IMPORTANCE: According to recent studies, only a small proportion of alcoholics in the system for addiction treatment receive expedited treatment [Rehm et al.: Sucht 2014;60:93-105] and that those who are untreated are at risk of harmful and dependent alcohol consumption. This is associated with significantly negative effects on morbidity, mortality, and quality of life [Kraus et al.: Sucht 2010;56:337-347]. As a result, not only individuals and their environment suffer but there is also a health economic impact. OBJECTIVE: How often do patients with a primary or secondary diagnosis of alcohol dependence who have been discharged from inpatient treatment receive anticraving medication in the follow-up period of 6 months? DESIGN, SETTING, AND PARTICIPANTS: Based on data from a statutory health insurance in Germany, 12,958 patients were investigated regarding alcohol dependence, rates for readmission to hospital, and prescription of anticraving drugs. In addition, outpatient and inpatient treatment costs were calculated. Main Outcomes and Measures: There will be an examination of how often anticraving medications are prescribed and what the economic consequences are. RESULTS: Two hundred and eighty-eight (2.22%) patients received anticraving medication, 98 (0.76%) in the first 6 months after inpatient treatment. Fifty-nine of the 288 patients were monitored with a pre- and postcomparison over a 90-day period. Inpatient treatment fell from 0.83 times (±1.10) during the 3 months afterward to 0.79 (±1.01). On average, the duration of an inpatient stay before anticraving treatment (n = 29) was 17.34 days (±14.37), with an average cost of EUR 4,142.70 (±2,721.28). Among the anticraving treatment group, this fell to 14.03 days (±9.96) with an average cost of EUR 3,685.43 (±2,307.67). Overall, the average outpatient and inpatient treatment costs dropped from EUR 1,533.88 before treatment to EUR 1,462.76 after treatment. If this is extrapolated to the whole group, it leads to between EUR 921,500 and EUR 6.6 million saving for a health insurance company. CONCLUSION: Anticraving medications are hardly ever prescribed. Their routine use could reduce hospital readmission rates and save on health-care costs.


Assuntos
Dissuasores de Álcool/uso terapêutico , Alcoolismo , Redução de Custos/economia , Naltrexona/uso terapêutico , Padrões de Prática Médica , Alcoolismo/tratamento farmacológico , Alcoolismo/economia , Feminino , Alemanha , Hospitalização , Humanos , Pacientes Internados , Tempo de Internação/estatística & dados numéricos , Masculino , Pessoa de Meia-Idade , Readmissão do Paciente/estatística & dados numéricos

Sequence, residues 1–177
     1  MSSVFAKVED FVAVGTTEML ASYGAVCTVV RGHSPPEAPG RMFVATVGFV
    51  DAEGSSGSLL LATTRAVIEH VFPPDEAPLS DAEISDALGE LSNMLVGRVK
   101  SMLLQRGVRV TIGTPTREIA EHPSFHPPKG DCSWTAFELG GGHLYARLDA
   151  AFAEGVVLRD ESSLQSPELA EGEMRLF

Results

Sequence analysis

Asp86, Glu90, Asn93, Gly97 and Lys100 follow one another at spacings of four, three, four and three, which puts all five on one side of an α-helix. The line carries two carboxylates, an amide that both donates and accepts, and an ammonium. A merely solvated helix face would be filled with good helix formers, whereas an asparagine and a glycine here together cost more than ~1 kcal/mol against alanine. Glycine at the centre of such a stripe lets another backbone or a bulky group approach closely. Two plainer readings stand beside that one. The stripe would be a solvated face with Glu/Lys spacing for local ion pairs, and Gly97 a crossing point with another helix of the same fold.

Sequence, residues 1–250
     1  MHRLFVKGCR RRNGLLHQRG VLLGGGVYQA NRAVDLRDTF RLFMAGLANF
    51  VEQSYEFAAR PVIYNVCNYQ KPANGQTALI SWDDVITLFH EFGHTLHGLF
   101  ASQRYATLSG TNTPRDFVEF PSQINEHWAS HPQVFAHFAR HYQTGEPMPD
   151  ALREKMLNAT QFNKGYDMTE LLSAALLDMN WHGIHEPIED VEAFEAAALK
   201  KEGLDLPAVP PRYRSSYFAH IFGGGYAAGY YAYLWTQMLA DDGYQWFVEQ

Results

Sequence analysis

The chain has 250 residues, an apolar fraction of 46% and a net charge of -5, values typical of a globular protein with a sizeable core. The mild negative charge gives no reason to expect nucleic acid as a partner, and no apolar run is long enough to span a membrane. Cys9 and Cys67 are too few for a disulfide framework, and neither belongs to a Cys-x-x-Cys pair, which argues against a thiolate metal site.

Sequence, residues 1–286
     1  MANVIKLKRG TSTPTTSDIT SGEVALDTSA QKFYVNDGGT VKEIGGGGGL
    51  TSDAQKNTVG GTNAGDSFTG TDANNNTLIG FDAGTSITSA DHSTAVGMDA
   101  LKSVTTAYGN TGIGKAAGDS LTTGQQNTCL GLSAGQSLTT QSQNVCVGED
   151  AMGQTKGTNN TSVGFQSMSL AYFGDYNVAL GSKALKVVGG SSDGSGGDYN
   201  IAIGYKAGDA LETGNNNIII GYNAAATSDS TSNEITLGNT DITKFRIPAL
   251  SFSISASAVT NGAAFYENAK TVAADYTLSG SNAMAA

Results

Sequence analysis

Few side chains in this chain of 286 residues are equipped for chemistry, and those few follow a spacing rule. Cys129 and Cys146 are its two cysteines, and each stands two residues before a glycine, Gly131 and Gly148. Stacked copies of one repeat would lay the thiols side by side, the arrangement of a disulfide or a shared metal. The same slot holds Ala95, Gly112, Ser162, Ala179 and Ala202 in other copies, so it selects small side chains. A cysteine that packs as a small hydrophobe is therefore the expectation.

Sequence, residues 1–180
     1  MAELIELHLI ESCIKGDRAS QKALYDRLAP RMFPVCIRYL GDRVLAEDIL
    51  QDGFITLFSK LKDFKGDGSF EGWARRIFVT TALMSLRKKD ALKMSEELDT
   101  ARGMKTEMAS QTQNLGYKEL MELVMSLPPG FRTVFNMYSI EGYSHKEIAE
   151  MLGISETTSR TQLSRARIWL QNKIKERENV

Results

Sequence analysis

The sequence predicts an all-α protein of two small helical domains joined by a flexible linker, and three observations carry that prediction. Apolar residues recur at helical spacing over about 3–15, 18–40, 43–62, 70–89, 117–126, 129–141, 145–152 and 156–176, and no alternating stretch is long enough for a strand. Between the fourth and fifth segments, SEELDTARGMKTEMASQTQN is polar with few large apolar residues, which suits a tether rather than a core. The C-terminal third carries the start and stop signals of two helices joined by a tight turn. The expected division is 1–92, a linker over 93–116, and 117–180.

6.
Int J Equity Health ; 18(1): 78, 2019 05 28.
Artigo em Inglês | MEDLINE | ID: mdl-31138225

RESUMO

BACKGROUND: Globally, alcohol consumption accounts for a substantial burden of disease, which translates into high social and economic costs. To address this burden, several policies (e.g. age and trading hour restrictions, increasing alcohol taxation) were implemented. Despite the existence of these policies evidence shows that alcohol misuse and alcohol-related harms have increased in South Africa over recent years. The objective of this paper is to assess progressivity and the changes in progressivity of alcohol expenditure at the household level in South Africa using datasets that span 15 years. METHODS: Data come from the 1995, 2000, 2005/06 and 2010/11 South Africa Income Expenditure Survey. Distribution of spending on alcoholic beverages were analyzed using standard methodologies. Changes in progressivity between 1995 and 2000, and between 2005/06 and 2010/11 were also assessed using the Kakwani index. RESULTS: Alcohol spending was regressive between 1995 and 2011 as the fraction of poorer households' expenditure spent on alcohol beverage exceeds that for the richest households. Also, the difference in Kakwani indexes of progressivity indicates that spending on alcoholic beverages has become less regressive between the same time periods. CONCLUSION: The results show no evidence that alcohol policy including taxation increased regressivity. Thus, there is an opportunity to further reduce the regressivity using coherent alcohol policies. This paper concludes that there is a need for further research to unpack why alcohol spending became less regressive over the years that goes beyond just looking at changes in the distribution of alcohol expenditure.


Assuntos
Consumo de Bebidas Alcoólicas , Bebidas Alcoólicas , Comportamento do Consumidor , Pobreza , Política Pública , Impostos , Adulto , Consumo de Bebidas Alcoólicas/economia , Consumo de Bebidas Alcoólicas/tendências , Bebidas Alcoólicas/economia , Alcoolismo/economia , Comportamento do Consumidor/economia , Características da Família , Feminino , Gastos em Saúde , Humanos , Renda , Masculino , África do Sul , Inquéritos e Questionários
7.
Asian J Psychiatr ; 43: 132-136, 2019 Jun.
Artigo em Inglês | MEDLINE | ID: mdl-31136909

RESUMO